Kim Kardashian’s new shapewear line, Kimono Intimates, highlights the inner workings of cultural appropriation and how much celebrities inadvertently steal from other cultures.

Kim Kardashian’s use of the name kimono in her new business venture, is a prime example of why celebrities should think just for a moment before they name their underwear line after a piece of clothing that holds significance for a particular community. By attempting to be cute and create a play on her name, she failed to realize that kimonos are a cultural item of importance within the Japanese community. Her use of the kimono to represent a personal underwear brand is a discredit to the rich history of the Japanese kimono. 

Celebrities and fashion designers have a troubling habit of using elements from different cultures to promote their brand, without giving proper credit or acknowledgement. The majority of the time, they do not realize their transgression until they are called out by the culture from which they have stolen. It’s one thing to adopt a hairstyle or piece of clothing into one’s style if one has a personal connection; however to use it for brand promotion or profit is disrespectful not only to the real kimono but to the Japanese people as well. 

Kim’s Blissful Ignorance

The number one rule of naming an underwear line is to not choose the name of a traditional garment that holds a cultural and ceremonial significance for an entire nation or culture. For those who are not familiar with the term, the kimono is a traditional Japanese garment that is worn for formal events and special occasions.  

Thanks to the power of the internet anyone can easily find out the history and meaning of a garment or style that they feel inspired by, before integrating it into their own style. However, when Kim Kardashian was searching for a name for her underwear line, she failed to do any of those things, adopting the name for herself without taking the time to prevent the risk of cultural appropriation.

It’s not fashion, but a part of someone’s culture 

Her inability to understand why using the term kimono to trademark lingerie and underwear is offensive shows the lack of depth of understanding she has of not only Japanese people but of the entire culture as well. Her lack of knowledge on the history and meaning of the word proves that she had no right to use it for her brand in the first place. Not once during her brainstorming sessions did Kim even consider the fact that her “perfect” brand name was in fact neither “hers” nor perfect for an underwear line but rather unabashed cultural appropriation. 

Her reasoning was that the name was cute and that it went with her brand image, neglecting to realize that her use of the kimono had a legitimate impact on the Japenese culture and people. Just because Kim and her husband enjoy visiting Japan and feel that they have an intimate connection with the country, does not give her the right to slap the word kimono on her underwear line. Her failure to recognize the origin of her intended brand name, despite her supposed love for the country further reflects her thoughtlessness.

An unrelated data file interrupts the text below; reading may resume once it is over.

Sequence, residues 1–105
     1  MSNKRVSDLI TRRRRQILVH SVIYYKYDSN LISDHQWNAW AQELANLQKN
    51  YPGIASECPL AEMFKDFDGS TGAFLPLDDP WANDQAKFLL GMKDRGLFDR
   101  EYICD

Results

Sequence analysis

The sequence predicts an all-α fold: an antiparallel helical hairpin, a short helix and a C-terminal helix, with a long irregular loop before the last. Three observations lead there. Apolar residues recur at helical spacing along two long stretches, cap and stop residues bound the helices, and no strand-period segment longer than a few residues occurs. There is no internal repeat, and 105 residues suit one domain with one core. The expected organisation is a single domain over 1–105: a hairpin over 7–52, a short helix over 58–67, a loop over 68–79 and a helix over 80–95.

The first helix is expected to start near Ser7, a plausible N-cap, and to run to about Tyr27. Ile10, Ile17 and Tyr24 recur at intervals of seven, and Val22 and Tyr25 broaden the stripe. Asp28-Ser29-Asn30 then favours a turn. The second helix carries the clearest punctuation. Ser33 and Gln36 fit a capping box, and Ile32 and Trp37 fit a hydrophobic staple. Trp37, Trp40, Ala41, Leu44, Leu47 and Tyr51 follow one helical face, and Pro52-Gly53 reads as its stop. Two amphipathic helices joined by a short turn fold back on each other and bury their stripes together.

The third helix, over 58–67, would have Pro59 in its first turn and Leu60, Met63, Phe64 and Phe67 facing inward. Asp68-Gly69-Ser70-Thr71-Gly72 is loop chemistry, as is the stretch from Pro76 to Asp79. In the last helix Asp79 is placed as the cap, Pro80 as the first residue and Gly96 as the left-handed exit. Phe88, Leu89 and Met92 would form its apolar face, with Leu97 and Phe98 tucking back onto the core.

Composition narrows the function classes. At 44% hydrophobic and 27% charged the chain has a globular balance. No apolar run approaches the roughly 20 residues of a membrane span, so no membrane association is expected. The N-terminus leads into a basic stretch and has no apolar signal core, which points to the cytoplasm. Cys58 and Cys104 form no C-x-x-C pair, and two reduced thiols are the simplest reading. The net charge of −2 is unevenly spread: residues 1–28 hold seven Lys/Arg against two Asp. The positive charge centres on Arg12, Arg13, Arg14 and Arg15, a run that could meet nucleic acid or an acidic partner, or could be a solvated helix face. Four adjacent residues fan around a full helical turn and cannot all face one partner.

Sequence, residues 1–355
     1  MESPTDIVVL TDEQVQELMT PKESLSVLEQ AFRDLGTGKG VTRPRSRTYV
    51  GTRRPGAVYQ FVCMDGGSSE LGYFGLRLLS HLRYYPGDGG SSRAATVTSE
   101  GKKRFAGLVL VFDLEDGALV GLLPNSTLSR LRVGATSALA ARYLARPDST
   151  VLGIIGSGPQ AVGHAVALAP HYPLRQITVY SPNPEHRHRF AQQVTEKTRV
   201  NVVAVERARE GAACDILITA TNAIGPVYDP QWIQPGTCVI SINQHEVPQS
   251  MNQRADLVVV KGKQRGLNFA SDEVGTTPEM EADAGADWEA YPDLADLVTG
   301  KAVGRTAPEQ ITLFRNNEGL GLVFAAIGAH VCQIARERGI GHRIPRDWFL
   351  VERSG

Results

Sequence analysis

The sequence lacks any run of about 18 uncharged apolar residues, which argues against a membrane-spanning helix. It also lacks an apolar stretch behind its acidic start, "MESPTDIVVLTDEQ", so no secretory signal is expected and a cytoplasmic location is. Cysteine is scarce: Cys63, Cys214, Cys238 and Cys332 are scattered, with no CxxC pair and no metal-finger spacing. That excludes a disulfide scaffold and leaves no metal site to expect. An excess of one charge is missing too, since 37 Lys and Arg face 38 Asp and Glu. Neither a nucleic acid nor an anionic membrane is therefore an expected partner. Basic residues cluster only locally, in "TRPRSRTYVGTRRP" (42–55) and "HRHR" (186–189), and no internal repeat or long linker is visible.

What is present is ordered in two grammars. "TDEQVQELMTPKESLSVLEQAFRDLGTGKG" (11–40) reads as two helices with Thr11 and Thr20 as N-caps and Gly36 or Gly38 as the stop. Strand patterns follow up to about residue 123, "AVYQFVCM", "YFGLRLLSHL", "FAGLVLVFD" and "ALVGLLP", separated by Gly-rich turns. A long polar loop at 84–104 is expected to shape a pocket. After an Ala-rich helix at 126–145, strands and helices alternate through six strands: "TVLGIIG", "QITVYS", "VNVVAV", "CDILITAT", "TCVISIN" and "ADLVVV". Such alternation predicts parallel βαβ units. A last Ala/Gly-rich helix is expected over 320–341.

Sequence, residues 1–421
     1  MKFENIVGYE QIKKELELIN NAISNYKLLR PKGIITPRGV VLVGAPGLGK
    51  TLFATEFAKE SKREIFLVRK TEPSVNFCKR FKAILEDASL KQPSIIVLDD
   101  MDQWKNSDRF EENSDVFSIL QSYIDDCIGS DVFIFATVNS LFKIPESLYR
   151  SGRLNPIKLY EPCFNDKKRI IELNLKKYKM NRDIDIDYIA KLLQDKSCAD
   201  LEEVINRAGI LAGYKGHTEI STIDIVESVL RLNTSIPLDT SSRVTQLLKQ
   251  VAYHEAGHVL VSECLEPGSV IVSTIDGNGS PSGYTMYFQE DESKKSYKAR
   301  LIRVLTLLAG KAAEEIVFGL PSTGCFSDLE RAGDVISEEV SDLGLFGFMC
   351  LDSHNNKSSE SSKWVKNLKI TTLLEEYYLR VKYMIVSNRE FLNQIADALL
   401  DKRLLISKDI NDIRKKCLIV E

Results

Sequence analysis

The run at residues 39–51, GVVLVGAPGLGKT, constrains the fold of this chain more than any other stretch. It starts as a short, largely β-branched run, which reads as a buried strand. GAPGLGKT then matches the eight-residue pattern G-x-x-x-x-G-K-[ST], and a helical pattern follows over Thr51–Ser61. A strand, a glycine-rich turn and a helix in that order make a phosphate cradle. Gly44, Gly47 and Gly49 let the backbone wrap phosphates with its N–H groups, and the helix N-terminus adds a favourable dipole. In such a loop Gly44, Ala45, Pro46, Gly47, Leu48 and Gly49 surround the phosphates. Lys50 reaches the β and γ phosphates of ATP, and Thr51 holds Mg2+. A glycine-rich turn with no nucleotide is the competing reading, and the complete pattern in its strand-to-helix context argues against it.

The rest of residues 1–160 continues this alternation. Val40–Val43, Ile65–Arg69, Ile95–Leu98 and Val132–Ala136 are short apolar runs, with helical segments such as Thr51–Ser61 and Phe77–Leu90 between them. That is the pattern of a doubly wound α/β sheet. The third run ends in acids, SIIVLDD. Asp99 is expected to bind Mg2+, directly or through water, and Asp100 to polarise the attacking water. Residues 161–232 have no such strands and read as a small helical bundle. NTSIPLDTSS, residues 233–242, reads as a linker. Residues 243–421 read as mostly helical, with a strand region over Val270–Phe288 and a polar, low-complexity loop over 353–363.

Twisting the Identity of Culture 

The use of the traditional Japanese garment to brand a celebrity underwear line is a cultural appropriation nightmare. Kim has taken a beautiful garment with a rich history, and destroyed it by linking it to underwear of all things. It’s one thing to take the time to learn about the culture and integrate the garment or style into their personal look while being respectful of its origins, but Kim’s actions are a blatant poaching of the kimono. The kimono is not a cute play on Kim’s own name, but a part of a real culture’s history that is still used today, and to have it be connected with underwear tarnishes it’s significance. 

Her use of another’s culture is a misguided form of flattery that was ill conceived and poorly executed. The habit of celebrities taking elements of cultures that they do not fully understand the context or history of, and shaping it beyond recognition to fit their personal brand is not flattery it’s outright stealing. When Kim attempted to trademark the term kimono for her underwear line, she was altering the meaning of the word and erasing the history of the Japanese culture.

Although Kim has walked back her choice of brand name since receiving international backlash the damage is done, now when you google kimono her brand shows up before the original kimono that came centuries before hers.  
 

Amanda Parisse

Amanda Parisse is Generation Z Voice at the Pavlovic Today. She is studying Communications with an interest in psychology, at Goucher College in Towson Maryland. Her specific interests include civil...